Thai Airways set to operate Asia’s first commercial passenger biofuel flight, with Qantas to follow in early 2012
Thai Airways 777-300ER (photo: Boeing)
Sun 11 Dec 2011 – Thai Airways is to operate Asia’s first commercial passenger flight to be powered using a biofuel blend. An inaugural VIP flight of a Boeing 777-200 aircraft will take place on December 21 and the following day a scheduled passenger flight will fly from Bangkok to Chiang Mai. Details of the source of the biofuel and the blend mix have not yet been released by the airline, which says it is looking to pioneer the use of sustainable biofuels in Asia and Southeast Asia, and is encouraging other airlines in the region to follow suit. Meanwhile, Qantas is planning Australia’s first sustainable biofuel commercial flight in early 2012, according to CEO Alan Joyce. Seen as a gateway to the Asia-Pacific region, Boeing is to collaborate on a project that aims to bring renewable aviation biofuel production to Hawaii.
Thai Airways President Piyasvasti Amranand said that sustainability was in line with the renewable energy vision of the King of Thailand and the use of biofuels would support the airline’s Travel Green initiative that was part of its Corporate Social Responsibility (CSR) programme.
The inaugural flight will include representatives that have supported the jet biofuel project, including PTT, Aeronautical Radio of Thailand (AEROTHAI), the Department of Civil Aviation, Boeing and Rolls-Royce.
Passengers, including 100 students and professors who have been invited, on the following day’s first commercial flight will be encouraged to take part in CSR initiatives, and revenue from the flight will go towards developing renewable energy in Thailand.
Qantas CEO Alan Joyce told a recent conference in Brisbane that the airline was currently improving fuel efficiency by an average of 1.5% per year through fleet renewal, new technology, fuel optimisation and reducing resource consumption.
“While these initiatives can achieve significant improvements, only the production of sustainable aviation fuel on a commercial scale can deliver a generational step in emissions reduction,” he said.
Announcing the airline’s intention to operate a commercial flight powered by sustainable fuel in early 2012, Joyce added: “We want the flight to be an inspiration – a preview of a sustainable future for Australian aviation. This country certainly has the human capital, the finance and the resources to be a global leader in bringing new kinds of aviation fuel to market.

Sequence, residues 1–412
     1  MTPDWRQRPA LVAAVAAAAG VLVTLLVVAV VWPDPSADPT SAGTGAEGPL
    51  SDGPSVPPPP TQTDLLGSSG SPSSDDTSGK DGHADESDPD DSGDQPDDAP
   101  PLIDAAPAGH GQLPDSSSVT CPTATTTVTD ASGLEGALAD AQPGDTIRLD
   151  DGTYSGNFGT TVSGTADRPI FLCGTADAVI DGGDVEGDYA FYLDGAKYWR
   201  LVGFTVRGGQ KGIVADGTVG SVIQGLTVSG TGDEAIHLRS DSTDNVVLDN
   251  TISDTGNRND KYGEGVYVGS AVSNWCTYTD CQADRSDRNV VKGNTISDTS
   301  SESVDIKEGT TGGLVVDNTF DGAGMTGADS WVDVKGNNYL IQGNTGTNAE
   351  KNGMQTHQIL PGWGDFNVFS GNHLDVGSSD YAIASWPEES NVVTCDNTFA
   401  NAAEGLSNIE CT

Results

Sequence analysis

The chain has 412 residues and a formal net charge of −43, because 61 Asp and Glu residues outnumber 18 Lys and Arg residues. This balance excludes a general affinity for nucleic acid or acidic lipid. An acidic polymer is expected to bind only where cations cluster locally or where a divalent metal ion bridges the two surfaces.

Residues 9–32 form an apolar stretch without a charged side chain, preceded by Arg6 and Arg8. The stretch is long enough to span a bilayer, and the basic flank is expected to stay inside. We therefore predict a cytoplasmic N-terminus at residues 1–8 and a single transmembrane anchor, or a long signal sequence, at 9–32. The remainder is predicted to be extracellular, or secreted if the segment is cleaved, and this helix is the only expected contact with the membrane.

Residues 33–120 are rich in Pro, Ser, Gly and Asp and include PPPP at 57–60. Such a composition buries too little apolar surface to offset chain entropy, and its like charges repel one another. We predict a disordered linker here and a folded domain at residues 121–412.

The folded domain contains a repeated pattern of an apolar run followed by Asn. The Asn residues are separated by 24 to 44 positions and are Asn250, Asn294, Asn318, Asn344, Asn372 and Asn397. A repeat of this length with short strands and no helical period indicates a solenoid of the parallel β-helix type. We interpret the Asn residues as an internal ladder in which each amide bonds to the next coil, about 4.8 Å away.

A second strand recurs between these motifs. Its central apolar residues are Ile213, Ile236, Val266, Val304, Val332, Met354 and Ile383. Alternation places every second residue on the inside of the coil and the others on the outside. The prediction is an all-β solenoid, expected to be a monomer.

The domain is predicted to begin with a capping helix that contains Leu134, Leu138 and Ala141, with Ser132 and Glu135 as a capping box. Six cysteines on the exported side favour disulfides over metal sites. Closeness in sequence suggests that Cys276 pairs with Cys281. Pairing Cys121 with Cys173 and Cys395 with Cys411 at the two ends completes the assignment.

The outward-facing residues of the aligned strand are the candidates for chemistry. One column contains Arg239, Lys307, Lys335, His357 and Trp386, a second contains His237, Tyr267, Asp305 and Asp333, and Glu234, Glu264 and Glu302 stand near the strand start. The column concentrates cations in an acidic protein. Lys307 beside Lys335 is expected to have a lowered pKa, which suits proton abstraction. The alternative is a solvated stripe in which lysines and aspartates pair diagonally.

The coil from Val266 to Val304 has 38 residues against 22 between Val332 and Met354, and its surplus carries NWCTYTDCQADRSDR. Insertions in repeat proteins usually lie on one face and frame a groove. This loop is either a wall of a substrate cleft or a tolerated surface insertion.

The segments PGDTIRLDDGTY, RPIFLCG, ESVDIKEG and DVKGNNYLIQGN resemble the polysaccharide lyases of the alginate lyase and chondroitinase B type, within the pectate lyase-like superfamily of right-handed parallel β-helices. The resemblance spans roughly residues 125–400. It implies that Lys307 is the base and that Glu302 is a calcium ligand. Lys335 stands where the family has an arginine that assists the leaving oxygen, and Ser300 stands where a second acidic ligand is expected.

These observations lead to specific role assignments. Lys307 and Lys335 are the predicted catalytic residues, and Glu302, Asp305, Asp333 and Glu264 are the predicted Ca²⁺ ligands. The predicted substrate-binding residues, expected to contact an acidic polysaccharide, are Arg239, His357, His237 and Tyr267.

“But if we are going to achieve this, we will need strong and effective partnerships with both public and private sector players including airports. That’s how we will develop the overall infrastructure needed in Australia to support regular commercial biofuel flights.”
A Qantas spokesman told GreenAir the biofuel commercial flight was planned for February, with more details likely to be released in the new year.
Earlier this year, Qantas signed agreements with two US companies in the alternative jet fuel field, Solazyme and Solena, to assess the best sustainable fuel technologies. Feasibility studies with both companies are now in progress.
Meanwhile, Boeing has entered into an agreement with Hawai’i BioEnergy to identify biofuel sources and supporting technologies for producing sustainable jet fuel in Hawaii. The two will look at various crops including sorghum and eucalyptus as potential sources that can be grown locally and converted to jet fuel. The collaboration will also look to assess new supporting technologies for aviation biofuel production.
“As an Asia-Pacific gateway and leading tourism destination, Hawaii can play a meaningful role in helping aviation reduce carbon emissions, while increasing regional energy resources,” said Billy Glover, Boeing Commercial Airplanes Vice President of Environment and Aviation Policy. “This collaborative effort will allow us to examine potential local options, while protecting the beauty and culture these islands have to offer.”
As an island state, Hawaii is currently dependent on imported energy but Hawai’i BioEnergy is leading the development of a local biofuels industry and is a supplier of renewable energy to the Hawaiian Electric Company.
“We are looking forward to working with Boeing in addressing Hawaii’s energy needs, particularly for aviation fuel,” said Hawai’i BioEnergy’s Chief Operating Officer Joel Matsunaga. “We have the opportunity to shape a more sustainable energy future for our children and generations to come in Hawaii while creating economic growth for the State.”
The company was established by three of Hawaii’s largest land owners and has backing from a number of venture capital groups, including Vinod Khosla. Khosla has also provided funding for respected biofuel companies such as Gevo, LanzaTech and Amyris.